During my very first trip to Chengdu I started a long-term research on a small nunnery, the Jinsha Nunnery金沙庵, via archival research and interviews to the resident nuns. The nunnery is built on a tiny and busy commercial alley, with the main gate quite hidden by surrounding shops. Jinsha is a small community, but it is also a temple that was built in the Qing dynasty, and whose history includes the succession of more than thirteen generations of nuns, which is a rare and remarkable achievement in the female history of Buddhism.
My research extended to other small hidden nunneries in Chengdu, like Zhongxing Nunnery 中興寺, Zhuyin Nunnery 竹隱寺, and Dizang Nunnery 地藏庵, and mapped their relations during the Republican period.
Other hidden yet crucial nunneries in the late Qing and Republican period in other parts of Sichuan include Xinlin Nunnery 西林寺, located in Neijiang 內江 and very important since 1938; Jingye Chan Nunnery 淨業禪院 and Qingfu Nunnery 清福寺, located in Suining 遂寧 and whose histories intersected with the local popular worship of Guanyin and the monk Qingfu 清福 (1862-1940); Fuhu Nunnery 伏虎寺, which also hosts the Mt. Emei Female Institute of Buddhist Studies 峨眉山佛學院尼眾班.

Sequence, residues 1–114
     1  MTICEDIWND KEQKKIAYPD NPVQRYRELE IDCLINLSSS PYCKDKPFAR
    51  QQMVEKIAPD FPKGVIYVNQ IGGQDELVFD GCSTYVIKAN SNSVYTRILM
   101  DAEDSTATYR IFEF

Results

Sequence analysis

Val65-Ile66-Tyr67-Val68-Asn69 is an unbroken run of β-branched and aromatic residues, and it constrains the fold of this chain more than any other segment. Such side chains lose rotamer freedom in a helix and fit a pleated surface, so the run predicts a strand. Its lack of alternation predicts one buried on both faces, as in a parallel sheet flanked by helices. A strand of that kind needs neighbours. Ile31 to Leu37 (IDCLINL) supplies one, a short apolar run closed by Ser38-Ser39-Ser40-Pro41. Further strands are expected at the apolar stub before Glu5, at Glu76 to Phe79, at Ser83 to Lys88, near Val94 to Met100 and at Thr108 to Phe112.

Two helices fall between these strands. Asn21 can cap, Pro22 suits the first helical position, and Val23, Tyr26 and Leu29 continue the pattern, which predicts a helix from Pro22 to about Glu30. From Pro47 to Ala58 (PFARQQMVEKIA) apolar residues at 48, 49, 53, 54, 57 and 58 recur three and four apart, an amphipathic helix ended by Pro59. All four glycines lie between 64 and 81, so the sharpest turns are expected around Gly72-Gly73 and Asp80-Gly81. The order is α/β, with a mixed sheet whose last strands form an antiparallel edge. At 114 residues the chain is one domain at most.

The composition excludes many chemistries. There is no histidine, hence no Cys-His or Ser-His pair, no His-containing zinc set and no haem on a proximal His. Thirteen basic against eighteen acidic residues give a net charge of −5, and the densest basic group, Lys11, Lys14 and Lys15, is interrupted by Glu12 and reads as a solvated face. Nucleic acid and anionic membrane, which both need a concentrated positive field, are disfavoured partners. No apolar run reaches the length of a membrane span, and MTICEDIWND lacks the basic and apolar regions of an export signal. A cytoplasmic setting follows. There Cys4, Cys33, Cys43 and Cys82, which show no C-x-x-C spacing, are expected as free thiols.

Several of these nunneries, like Jinsha and Zhongxing in Chengdu, and Xilin in Neijiang, display photos of previous abbesses and resident nuns, and also of other monastics who have been important in the histories of these sites, in small rooms and shrines; these ‘pagoda’ are not merely a memorial of the temple nuns, but they represent the collective memory of larger communities, which go beyond the borders of a single site, and show how temples and networks can intersect and develop in a micro-area.